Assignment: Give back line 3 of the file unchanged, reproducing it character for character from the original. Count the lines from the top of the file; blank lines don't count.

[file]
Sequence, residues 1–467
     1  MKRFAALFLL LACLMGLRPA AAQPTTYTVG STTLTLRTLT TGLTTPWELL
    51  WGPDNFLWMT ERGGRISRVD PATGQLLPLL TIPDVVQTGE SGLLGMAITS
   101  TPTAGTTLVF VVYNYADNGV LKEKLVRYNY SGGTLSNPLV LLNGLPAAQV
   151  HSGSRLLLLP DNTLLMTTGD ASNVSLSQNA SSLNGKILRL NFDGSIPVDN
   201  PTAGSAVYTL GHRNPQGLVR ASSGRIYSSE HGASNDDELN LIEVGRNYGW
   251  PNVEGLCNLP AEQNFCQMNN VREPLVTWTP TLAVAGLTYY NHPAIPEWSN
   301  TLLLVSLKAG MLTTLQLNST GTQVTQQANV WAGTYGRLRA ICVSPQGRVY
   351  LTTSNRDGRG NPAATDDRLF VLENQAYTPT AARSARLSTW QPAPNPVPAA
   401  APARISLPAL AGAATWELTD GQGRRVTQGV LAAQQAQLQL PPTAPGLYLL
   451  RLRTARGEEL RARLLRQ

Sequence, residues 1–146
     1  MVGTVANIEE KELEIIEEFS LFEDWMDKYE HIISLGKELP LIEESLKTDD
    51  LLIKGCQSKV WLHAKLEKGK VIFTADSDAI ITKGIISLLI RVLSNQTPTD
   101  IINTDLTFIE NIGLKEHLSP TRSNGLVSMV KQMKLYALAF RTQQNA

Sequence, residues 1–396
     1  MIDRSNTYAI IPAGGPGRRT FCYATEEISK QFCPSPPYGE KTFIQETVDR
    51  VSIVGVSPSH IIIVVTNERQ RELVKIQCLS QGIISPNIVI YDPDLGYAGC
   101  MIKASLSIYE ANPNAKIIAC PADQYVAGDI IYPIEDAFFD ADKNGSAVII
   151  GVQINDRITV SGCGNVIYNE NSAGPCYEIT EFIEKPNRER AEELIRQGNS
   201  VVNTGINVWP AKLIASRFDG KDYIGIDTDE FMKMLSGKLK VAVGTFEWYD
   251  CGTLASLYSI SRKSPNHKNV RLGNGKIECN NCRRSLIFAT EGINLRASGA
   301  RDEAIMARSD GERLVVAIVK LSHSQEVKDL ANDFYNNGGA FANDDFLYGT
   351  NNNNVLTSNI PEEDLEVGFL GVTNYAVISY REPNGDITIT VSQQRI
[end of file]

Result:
    51  WGPDNFLWMT ERGGRISRVD PATGQLLPLL TIPDVVQTGE SGLLGMAITS